VANCOUVER — There never seems to be a dull moment when it comes to Roberto Luongo — is he staying? is he going? — and he’s done nothing to quell the interest with his twitter alter ego @Strombone1.
Luongo has shown the public a wicked sense of humour rarely seen in his post-practice and game scrums at Rogers Arena. This week he tweeted “if this keeps up I’m pretty sure I’m gonna have to go on meds” in response to the new CBA ‘Luongo Rule’ and then the Brian Burke firing in Toronto.
On Thursday, when asked if he was flying to Vancouver, he tweeted a photo from far above a cloud bank and replied: “Is that good enough?”
After then touching down at YVR, a more subdued Luongo told Sportsnet he is not on edge about his situation.
“I’ve been around a long time and I’ve learned how to deal with these things a bit better,” said the 33-year-old netminder. “Definitely if this was earlier in my career, things would probably be different for me. I’m a bit more laid back, I would say, when it comes to a situation like this. I’m just happy to play hockey right now.”
So Luongo is back in Vancouver and plans to skate Friday at UBC with his Canuck teammates. Maybe it’s only for one day, maybe it’s for a week, maybe for a few weeks. One thing is certain: nothing can happen on the trade front until the new collective bargaining agreement is ratified by the players, which should happen Saturday morning.
In fact, teams are not even allowed to talk trade — officially, that is — until the ratification vote is complete. We have to believe this is the case because no one would bend the rules, would they?
Even the Canucks players were wondering Thursday where Bobby Lou might end up.
“Yeah, of course, I’m curious,” said Daniel Sedin. “He’s a teammate and a friend so, I mean, you’re going to follow that story for sure. You feel for the situation he’s in and, hopefully, everything works out fine. He has done a great job of dealing with these kind of things before and he’s going to do the same thing now.”
The prevailing wisdom is that Luongo will be dealt to the Toronto Maple Leafs, especially with Dave Nonis the new GM in Leaf-land. Nonis has long admired Luongo and, of course, brought him to Vancouver in 2006. The Canucks are in desperate need of depth at centre, especially someone with an offensive touch, which is why Tyler Bozak (47 points in 73 games) has been so prominently mentioned for months.
It’s not likely to be a one-for-one deal, however, so look for other components to be involved, perhaps a Nazem Kadri and a backup goalie, either James Reimer or Ben Scrivens.
The Philadelphia Flyers are apparently interested as well despite the Wednesday denials of GM Paul Holmgren. Obviously Ilya Bryzgalov didn’t totally impress the Flyers last season and Philly has never been shy about seeking upgrades. Bryzgalov’s fat contract might be an issue but if the Flyers are indeed serious, the Canucks should be asking for a young centre in return, like a Sean Couturier or Brayden Schenn.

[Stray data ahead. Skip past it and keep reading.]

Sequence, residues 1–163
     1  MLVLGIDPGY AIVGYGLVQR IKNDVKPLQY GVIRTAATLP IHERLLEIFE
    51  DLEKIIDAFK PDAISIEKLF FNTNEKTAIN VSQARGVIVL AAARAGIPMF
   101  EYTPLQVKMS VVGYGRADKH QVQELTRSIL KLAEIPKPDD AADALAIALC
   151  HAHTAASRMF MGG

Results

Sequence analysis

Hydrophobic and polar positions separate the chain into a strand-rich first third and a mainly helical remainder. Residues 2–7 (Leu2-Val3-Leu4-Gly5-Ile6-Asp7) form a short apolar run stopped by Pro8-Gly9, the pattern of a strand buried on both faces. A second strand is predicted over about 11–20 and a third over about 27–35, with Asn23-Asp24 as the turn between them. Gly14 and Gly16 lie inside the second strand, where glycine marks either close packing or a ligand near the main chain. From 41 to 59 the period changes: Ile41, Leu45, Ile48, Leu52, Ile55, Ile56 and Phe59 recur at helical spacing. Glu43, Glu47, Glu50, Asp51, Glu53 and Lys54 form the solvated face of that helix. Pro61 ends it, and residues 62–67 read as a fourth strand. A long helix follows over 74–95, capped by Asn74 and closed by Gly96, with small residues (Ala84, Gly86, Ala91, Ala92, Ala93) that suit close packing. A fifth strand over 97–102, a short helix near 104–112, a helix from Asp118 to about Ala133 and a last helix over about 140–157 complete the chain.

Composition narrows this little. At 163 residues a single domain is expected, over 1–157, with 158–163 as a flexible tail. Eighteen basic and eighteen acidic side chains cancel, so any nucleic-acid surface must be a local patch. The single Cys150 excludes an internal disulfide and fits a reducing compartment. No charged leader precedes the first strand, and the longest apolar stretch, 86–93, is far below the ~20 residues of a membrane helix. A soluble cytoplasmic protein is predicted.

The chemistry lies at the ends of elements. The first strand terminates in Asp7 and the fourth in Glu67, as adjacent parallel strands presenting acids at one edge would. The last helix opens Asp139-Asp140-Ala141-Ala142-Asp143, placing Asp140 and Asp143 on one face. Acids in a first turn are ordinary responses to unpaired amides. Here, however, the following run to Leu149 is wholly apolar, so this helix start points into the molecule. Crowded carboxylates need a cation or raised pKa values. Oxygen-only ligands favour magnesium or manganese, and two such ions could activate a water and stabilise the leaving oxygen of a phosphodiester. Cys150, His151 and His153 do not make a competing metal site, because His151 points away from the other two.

Pie in the sky, perhaps, but there is no harm in asking, right?
Luongo said last summer that he wouldn’t mind being dealt back to the Florida Panthers, his team for five seasons before he became a Canuck. His wife is from South Florida and he makes his off-season home there so he wouldn’t even have to move a muscle, let alone an entire household, if he returned to the Panthers. But the Cats have a top goalie prospect in Jacob Markstrom and don’t have the deep pockets of either the Leafs or Flyers to absorb Luongo’s gigantic ticket that still has 10 years and $47.3 million remaining. (Note: teams are permitted under the new CBA to retain part of a player’s contract to help facilitate trades.) Prospect Nick Bjugstad, a 6-4 forward playing at the University of Minnesota, and veteran centre Stephen Weiss’s name have been floated, although that may be wishful thinking on the part of some Canuck diehards. A backup goalie, Scott Clemmensen or Jose Theodore, could be involved if this unlikely scenario actually unfolds.
The Edmonton Oilers? They have an abundance of young forwards that would interest any team but it’s difficult to see the Canucks (a) trading within their division and (b) Luongo waiving his no-trade clause to stay in the northwest at this stage of his career.
So the talk will continue for now. The action will come later.
“Roberto is going to deal with it as a professional like he always does,” said Alex Burrows. “We’re all hockey players and we know these kind of things happen to the best of them. If he has to go somewhere else, I wish him the best of luck. If he stays, I’ll be more than happy.”
A quick resolution would likely be a happier outcome, however.